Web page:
Notre Dame 69, Northeastern 65
I had not been able to do any research on Northeastern until Thursday morning, but as the day got going, the more I became convinced this would be a really good game. You can start with the NE roster - their starting frontcourt is a a 6'8 235 senior (Scott Eatherton) and a 6'8 225 junior (Quincy Ford) and they both can play. They even brought a 6'7 220 senior (Reggie Spencer) off the bench and he could play too. Eatherton was a bruiser with a post game, Ford could step out and shoot and Spencer was an athletic guy who could run, hit the glass and finish around the basket. That's a formidable combination of players and it's an embarrassment of riches for a team from a mid-major conference like the CAA. Any team with that much size you have to take seriously.
How To Dunk On A 3rd Seed, By Scott Eatherton #MarchMadness https://t.co/EReCsKTkWPThat went double for a team like Notre Dame, which didn't have a ton of size for a high major team. They were a four-out team that liked to spread the floor and out score bigger teams in the ACC, but that style of play means they forfeit the traditional advantage that a high seeded team is going to have in a game like this. Do I think it's a coincidence that a coach who loves small ball as much as Mike Brey has struggled in the NCAA Tournament? Not really. And if you look at what happened in this game, for as much as everyone talks about Jerian Grant and Demetrius Jackson, the guy who really saved their bacon was Zach Auguste, their 6'10 240 center.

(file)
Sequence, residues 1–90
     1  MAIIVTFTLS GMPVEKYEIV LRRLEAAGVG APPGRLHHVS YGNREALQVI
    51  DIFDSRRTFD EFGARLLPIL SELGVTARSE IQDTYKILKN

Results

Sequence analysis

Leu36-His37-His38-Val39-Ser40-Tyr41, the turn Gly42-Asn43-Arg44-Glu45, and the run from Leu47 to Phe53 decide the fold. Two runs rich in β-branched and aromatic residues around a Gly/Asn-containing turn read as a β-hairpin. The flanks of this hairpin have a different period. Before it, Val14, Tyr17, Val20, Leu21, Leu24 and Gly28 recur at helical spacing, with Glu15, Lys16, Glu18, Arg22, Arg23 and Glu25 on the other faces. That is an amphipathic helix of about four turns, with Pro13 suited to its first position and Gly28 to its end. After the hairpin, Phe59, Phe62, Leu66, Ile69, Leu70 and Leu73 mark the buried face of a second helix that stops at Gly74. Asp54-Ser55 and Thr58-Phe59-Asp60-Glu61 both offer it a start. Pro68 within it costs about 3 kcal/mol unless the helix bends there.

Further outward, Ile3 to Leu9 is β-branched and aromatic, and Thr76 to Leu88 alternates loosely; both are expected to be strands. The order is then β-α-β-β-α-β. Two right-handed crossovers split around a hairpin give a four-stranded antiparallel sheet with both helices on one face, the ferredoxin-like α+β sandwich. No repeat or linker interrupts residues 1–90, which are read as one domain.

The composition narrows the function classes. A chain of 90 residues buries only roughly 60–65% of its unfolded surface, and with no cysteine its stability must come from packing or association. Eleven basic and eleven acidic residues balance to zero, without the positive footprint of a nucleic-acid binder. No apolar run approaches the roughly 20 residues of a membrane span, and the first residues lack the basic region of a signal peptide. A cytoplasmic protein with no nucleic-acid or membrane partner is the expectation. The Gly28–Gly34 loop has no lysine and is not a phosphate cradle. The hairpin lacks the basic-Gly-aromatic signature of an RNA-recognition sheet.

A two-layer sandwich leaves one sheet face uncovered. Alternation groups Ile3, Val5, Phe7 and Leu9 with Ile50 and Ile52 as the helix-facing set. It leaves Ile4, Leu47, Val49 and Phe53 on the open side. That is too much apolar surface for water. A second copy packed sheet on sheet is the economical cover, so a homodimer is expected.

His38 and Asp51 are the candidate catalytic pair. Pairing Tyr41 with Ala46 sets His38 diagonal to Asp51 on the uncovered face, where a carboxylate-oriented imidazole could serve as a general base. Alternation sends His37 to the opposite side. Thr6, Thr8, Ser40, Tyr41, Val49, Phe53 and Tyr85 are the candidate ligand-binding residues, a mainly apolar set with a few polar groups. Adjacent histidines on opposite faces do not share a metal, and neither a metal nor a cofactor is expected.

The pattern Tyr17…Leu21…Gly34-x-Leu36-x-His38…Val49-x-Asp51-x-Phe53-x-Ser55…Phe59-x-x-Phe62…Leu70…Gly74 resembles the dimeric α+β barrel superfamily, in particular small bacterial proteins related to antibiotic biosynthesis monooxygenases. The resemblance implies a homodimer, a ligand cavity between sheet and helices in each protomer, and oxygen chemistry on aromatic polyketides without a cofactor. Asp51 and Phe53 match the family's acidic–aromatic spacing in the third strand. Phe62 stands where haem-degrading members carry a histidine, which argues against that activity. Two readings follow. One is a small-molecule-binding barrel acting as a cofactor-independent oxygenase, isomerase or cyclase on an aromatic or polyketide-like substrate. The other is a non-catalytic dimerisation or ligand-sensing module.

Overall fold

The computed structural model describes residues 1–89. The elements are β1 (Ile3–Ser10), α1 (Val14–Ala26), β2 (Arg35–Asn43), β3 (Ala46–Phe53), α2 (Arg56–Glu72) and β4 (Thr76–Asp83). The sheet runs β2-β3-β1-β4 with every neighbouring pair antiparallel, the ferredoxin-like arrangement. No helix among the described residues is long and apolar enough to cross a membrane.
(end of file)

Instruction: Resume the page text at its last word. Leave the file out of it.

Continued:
— BBALLBREAKDOWN (@bballbreakdown) March 19, 2015
NE was able to control the game for most of the first half because Auguste was in foul trouble. When he got going in the 2nd half, there wasn't much NE could do. He finished with 25 points, 5 rebounds and 2 assists on 14 shots. It makes sense that NE set up their defense to make the ND big man go 1-on-1 - they were so used to having a size advantage in their conference they didn't want to have to restructure their entire defensive strategy. But while 6'8 235 can shut down the lane in the CAA, there's only so much he can do against an ACC big man like Auguste. That's the type of player Notre Dame hasn't had too often and he's going to have to be the difference maker if Mike Brey is going to put his March struggles behind him.
UAB 60, Iowa State 59
You can see the difference that Auguste makes in the struggles of Notre Dame's comrade in arms - another 3 seed from the Midwest without a lot of size who plays a fan friendly style of basketball based around spreading the floor and hoisting 3's. The idea this year with Iowa State was the presence of Jameel McKay would change things and while McKay did everything in his power to clear the glass and protect the lane (12 rebounds and 6 blocks) he doesn't have the type of offensive game to where you could throw the ball into him and expect production on offense (10 points on 8 shots). What that means is that Iowa State couldn't impose their will on the game on a smaller team like UAB, which was ultimately their downfall.
The big story of the game was the glass, where UAB absolutely crushed Iowa State. UAB ended up winning the rebounding battle by +15, including an absolutely devastating +10 margin on their offensive glass. There's nothing more dispiriting for a team than playing great defense and then giving up an easy putback and then repeatedly came back to haunt Fred Hoiberg's team. You won't find a bigger Hoiberg fan than me but I thought he made some questionable decisions in this one, most notably not giving Bryce Dejean-Jones more minutes. BDJ (6'6 210) was their best perimeter athlete and their best chance to match UAB's physicality and he spent most of the game in his warm-up jacket.